Having a stained or painted and sealed surface should not cause problems if you decide to add carpet or a wood floor later on. However, if you paint, it would be difficult to stain later on. Stain on paint gives a different look than
    you may desire.

  76. I have a stained concrete floor in my home I just purchased. Can I re-stain it so when I stain the other floors after taking up the carpet it will match? THANKS for any help!

  77. Patti,
    You can re-stain the concrete floor if it is not sealed. However, the new stain will be going over the old color and will create it’s own results.
    If you know what stain is on it now, you may be able to match the other floors to it, or after re-staining, try to match the other floors to your new color.

  78. We have decorative, stamped concrete floors in our kitchen, bathroom and laundry room. I’m not sure what to seal it with. It has a sort of rough surface that makes it difficult to clean. Not only does dirt get deep in the crevices, but it tears up any mop or sponge we use.
    So, we want something that will make it easier to clean. But, we also have radiant floor heat and are worried about a sealer turning color because of the heat.
    Do you have a product to suggest?

  79. I need a cost effective, low maintenance flooring that is pet urine and water proof. Is concrete the best solution? What is the average cost per square foot? I have a slab (no wood and/or crawl space). Will this decrease the cost by having the current slab surface “prepared”? Or will additional concrete have to be poured on top?

  80. Hi! We are building a house in Madagascar. Looking for a cost effective concrete flooring. We are Novices here and the locals do not know method for polished floors. Can you possibly advise or give me a referal. Thanking you in advance, Veronika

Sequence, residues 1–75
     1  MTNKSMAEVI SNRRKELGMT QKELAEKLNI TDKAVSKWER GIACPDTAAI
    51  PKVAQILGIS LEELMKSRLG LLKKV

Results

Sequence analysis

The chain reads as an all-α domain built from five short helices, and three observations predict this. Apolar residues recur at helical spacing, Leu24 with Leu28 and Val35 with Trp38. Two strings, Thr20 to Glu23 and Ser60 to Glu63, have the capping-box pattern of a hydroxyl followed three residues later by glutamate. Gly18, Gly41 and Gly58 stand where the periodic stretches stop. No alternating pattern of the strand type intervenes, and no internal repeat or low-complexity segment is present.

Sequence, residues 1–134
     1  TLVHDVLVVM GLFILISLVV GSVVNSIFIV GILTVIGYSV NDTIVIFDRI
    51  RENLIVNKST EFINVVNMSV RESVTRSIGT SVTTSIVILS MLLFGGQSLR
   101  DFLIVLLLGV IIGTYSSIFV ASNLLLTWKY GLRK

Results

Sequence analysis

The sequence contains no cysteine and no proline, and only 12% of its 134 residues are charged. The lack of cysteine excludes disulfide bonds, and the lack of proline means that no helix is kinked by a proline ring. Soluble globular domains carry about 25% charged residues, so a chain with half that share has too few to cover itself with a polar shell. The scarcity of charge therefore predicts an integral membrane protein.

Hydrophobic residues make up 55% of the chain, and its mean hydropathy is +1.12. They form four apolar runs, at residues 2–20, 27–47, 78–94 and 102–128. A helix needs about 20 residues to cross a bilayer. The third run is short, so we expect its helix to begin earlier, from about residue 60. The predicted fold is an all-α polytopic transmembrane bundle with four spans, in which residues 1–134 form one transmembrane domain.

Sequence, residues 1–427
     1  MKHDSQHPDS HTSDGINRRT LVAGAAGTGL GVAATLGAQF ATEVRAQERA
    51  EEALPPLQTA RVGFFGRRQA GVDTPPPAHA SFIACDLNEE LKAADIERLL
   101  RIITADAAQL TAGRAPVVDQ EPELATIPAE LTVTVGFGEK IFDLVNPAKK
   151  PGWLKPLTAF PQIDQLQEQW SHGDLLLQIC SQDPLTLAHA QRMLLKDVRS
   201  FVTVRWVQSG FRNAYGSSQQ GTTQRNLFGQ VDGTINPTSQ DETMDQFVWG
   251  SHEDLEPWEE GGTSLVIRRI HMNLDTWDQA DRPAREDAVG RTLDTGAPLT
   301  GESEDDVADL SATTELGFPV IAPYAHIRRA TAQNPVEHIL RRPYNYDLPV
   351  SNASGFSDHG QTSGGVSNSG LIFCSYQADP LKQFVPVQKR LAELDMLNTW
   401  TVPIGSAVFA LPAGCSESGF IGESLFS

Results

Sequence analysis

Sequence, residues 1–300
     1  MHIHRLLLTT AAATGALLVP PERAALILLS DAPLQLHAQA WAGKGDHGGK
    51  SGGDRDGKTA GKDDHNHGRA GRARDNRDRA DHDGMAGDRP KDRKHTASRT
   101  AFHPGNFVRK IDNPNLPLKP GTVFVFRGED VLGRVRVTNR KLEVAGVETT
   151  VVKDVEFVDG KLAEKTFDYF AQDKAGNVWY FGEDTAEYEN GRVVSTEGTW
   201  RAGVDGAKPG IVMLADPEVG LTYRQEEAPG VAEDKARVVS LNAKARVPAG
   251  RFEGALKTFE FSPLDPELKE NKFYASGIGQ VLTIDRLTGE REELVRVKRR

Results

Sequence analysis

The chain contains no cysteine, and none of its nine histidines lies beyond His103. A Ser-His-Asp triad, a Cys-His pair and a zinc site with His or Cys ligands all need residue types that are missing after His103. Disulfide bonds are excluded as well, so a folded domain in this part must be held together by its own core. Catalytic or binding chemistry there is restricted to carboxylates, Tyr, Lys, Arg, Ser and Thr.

• Hi Veronika,
      I would suggest you speak with whomever the contractor is building your house about at least pouring the concrete. If they can do the manual labor of pouring the concrete, doing the polishing on your own is fairly simple. If they are not familiar with pouring interior concrete, you may want to do some investigating as to why: is it just because it is not a common flooring choice in the area, is concrete more expensive there, or is there another contractor you could work with for the concrete flooring portion of your home who is familiar with the process? I would think that concrete should be a really common choice in Madagascar, as it is probably the very best flooring option in a humid climate.
      If you are willing to do the floor polishing yourself, there are a number of videos that can show you the process. Here are a few good ones:
      You may also want to show these videos to your contractor, as sometimes the issue is simply a communication problem. Perhaps instead of “polished concrete” they may refer to this flooring style by a different name.
      Best of luck!

  81. Thanks for your advice. I agree– concrete flooring requires less maintenance and can look great. I’ve never seen painted concrete floors, though. Your article was great, but I think it could be much stronger if you included some pictures!